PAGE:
In order to be better, stronger communicators we need to be clear on the criteria and behaviour we want. We can train a behaviour that teaches the horse to run in a circle at a specific speed around an object, this might be one behaviour. Another behaviour might be, run in a circle and when I give the cue ‘hip’ the hip moves simultaneously while the criteria of running in circles is reached as well. The same for the back movement, this is what we call a concept. The horse has to understand how to combine behaviours we ask. To be able to achieve this we have to teach the horse step-by-step what each behaviour looks like to give them a higher chance of succeeding.

Another possible option to achieve this goal is that each circle has its own criteria. When I ask signal number one, this means running in a circle. Signal number two means run in a circle with your hip in a specific position and signal number three means run a circle with your back in a specific position. By training it this way our communication with the horse becomes a lot more black and white.

Every behaviour has criteria, and can be explained by the way it looks. To be able to be successful we have to teach each step of the criteria to the animal. We then have to apply it in the environment where we would like the behaviour to occur. We can’t ask a hip movement if the horse doesn’t understand or know what move your hip means. In order to understand what it means we have to first teach the behaviour and connect this behaviour with a signal. We can then apply it to the situation we want.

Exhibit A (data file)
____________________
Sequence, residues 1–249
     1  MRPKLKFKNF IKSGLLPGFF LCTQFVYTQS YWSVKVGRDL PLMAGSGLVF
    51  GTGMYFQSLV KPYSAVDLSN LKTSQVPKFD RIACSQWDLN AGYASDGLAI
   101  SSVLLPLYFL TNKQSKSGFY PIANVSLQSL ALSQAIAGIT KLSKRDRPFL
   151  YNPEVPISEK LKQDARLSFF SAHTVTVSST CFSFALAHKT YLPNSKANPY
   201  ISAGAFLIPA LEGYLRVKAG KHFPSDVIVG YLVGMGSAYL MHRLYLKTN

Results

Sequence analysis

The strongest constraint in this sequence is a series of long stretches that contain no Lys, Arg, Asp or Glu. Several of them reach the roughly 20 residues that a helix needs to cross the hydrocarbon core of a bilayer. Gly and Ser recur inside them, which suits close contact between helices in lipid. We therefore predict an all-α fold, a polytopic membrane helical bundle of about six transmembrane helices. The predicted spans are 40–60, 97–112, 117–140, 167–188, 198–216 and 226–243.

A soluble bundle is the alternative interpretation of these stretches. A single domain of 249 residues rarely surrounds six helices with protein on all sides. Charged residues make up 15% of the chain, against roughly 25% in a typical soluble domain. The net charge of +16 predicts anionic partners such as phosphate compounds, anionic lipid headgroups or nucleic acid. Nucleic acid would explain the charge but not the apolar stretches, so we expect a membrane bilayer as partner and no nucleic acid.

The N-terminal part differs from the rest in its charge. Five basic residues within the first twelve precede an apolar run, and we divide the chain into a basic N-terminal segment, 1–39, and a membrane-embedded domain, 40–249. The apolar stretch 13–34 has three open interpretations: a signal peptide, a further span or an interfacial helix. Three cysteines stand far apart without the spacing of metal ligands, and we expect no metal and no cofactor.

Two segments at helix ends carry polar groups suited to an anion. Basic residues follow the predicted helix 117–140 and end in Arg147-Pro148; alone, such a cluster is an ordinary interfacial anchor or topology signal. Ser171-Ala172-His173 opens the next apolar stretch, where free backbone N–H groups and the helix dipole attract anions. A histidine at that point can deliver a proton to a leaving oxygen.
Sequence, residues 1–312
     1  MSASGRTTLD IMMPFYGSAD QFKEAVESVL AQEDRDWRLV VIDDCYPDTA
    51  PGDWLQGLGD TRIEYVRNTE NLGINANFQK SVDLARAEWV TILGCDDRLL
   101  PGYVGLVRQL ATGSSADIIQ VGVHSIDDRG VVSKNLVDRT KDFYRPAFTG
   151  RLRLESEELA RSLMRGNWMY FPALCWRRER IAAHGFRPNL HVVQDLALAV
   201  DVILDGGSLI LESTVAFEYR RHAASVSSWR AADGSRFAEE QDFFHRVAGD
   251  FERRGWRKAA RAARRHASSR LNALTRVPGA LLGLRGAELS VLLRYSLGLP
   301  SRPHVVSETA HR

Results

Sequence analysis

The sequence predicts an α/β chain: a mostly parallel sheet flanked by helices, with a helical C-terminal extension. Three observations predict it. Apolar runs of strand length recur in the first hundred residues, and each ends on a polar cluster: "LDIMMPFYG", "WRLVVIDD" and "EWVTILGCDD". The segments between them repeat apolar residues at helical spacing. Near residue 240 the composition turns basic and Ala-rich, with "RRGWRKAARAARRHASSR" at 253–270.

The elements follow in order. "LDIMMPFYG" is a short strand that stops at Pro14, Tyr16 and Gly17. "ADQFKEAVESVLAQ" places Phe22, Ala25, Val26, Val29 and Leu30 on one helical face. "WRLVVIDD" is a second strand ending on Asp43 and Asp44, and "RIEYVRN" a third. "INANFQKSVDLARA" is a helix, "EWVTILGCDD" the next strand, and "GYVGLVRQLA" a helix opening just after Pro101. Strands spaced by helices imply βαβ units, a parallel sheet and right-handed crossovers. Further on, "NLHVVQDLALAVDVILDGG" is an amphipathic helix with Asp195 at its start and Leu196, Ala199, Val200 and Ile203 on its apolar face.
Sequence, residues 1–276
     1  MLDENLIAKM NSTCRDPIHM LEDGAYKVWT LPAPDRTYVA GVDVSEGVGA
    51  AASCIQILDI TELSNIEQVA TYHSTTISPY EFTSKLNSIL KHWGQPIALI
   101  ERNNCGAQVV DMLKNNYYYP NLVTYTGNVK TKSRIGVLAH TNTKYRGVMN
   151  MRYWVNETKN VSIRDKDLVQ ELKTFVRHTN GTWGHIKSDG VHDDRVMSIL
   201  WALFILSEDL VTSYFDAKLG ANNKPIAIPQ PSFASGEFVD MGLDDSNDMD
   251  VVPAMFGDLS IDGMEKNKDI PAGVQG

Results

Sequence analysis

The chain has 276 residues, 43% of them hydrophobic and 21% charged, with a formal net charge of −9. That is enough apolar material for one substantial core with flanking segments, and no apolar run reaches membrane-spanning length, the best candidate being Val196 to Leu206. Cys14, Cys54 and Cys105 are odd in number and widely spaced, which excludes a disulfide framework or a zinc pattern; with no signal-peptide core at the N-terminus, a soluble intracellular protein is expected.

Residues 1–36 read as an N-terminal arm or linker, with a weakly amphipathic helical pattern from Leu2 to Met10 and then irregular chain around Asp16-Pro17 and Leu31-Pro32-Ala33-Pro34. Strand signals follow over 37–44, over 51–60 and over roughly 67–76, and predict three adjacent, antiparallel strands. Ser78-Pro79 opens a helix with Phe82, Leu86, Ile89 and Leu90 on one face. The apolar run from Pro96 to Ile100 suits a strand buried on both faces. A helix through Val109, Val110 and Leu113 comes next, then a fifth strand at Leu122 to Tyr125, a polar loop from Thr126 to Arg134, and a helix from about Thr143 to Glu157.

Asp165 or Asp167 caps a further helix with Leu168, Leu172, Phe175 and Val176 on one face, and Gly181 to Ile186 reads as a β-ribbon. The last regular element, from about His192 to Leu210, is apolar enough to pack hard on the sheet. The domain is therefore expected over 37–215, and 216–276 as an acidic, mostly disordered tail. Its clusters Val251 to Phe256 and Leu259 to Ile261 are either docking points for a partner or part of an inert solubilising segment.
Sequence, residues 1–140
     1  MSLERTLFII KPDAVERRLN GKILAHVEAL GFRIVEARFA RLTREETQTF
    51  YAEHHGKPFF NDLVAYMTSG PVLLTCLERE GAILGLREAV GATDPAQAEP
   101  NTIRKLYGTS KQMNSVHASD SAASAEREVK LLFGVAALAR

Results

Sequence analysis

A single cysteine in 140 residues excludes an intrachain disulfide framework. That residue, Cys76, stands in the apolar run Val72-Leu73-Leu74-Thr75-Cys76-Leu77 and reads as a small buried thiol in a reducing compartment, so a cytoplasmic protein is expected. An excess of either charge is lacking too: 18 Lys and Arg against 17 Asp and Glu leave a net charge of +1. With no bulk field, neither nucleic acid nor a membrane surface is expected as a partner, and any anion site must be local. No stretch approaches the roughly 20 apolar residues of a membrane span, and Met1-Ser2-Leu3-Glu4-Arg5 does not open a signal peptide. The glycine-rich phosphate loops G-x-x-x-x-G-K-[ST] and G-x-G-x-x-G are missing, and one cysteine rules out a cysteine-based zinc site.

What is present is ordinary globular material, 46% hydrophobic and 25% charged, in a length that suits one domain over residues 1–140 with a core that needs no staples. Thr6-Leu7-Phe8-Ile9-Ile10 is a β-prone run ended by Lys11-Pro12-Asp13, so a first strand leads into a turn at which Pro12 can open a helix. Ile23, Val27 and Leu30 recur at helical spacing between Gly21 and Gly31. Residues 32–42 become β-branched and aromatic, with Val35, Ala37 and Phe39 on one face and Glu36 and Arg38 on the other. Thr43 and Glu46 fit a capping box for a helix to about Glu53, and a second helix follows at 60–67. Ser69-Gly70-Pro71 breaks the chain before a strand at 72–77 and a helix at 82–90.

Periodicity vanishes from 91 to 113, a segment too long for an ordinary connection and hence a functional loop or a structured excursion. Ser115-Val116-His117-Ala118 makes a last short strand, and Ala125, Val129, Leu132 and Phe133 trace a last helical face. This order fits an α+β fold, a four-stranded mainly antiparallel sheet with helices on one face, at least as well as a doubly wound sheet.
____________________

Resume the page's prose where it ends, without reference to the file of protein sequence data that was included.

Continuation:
Criteria of Selections

If you work in a group scenario, asking one animal to move to another position has several steps compared to the animals not being asked to move. It is different but important. We ask one animal by pointing at the individual to go to anther position, the criteria is:

  • The whole group focuses on the trainer by looking at the trainer.
  • The animal who is pointed at, responds to the signal.
  • The animal goes in the direction of the point signal.
  • This individual responds within one second.

We also want the rest of the group to wait. This isn’t always easy and has to be conditioned properly from the start. But what we ask these other individuals for is:

  • Stay when another animal leaves.
  • Focus on the trainer for further information.

To make criteria stronger we have to reinforce it. When criteria is not reached 100%, this is where the trainer’s skills comes in. Usually we ask the behaviour one more time to see what the exact issue was, maybe it was something we couldn’t control. If the animal doesn’t reach criteria again, we take action and start looking at how it has been conditioned. We then take a step back and retrain the criteria of the behaviour to get the behaviour back to the original standard . 

As trainers we have to understand what it is we are asking our animals to do. How are behaviour looks is an important question we need to consider before we begin training the behaviour. Our goal is to be successful all the time, if we don’t know the criteria we do not set ourselves or the animals up for success. The same can be said when we observe the animal and we know the animal is unlikely reach criteria and still ask the behaviour.

Knowing the criteria or what the behaviour looks like, you set yourself up for success. Remember every behaviour has its own criteria! 

Want to know more about foundation behaviours and their criteria? See also this article:

Categories: Trainer Talk


Peter is a passionate Animal Consultant that beside teaching you about Operant Conditioning makes sure you will go home motivated and inspired. Make sure you read his Bio!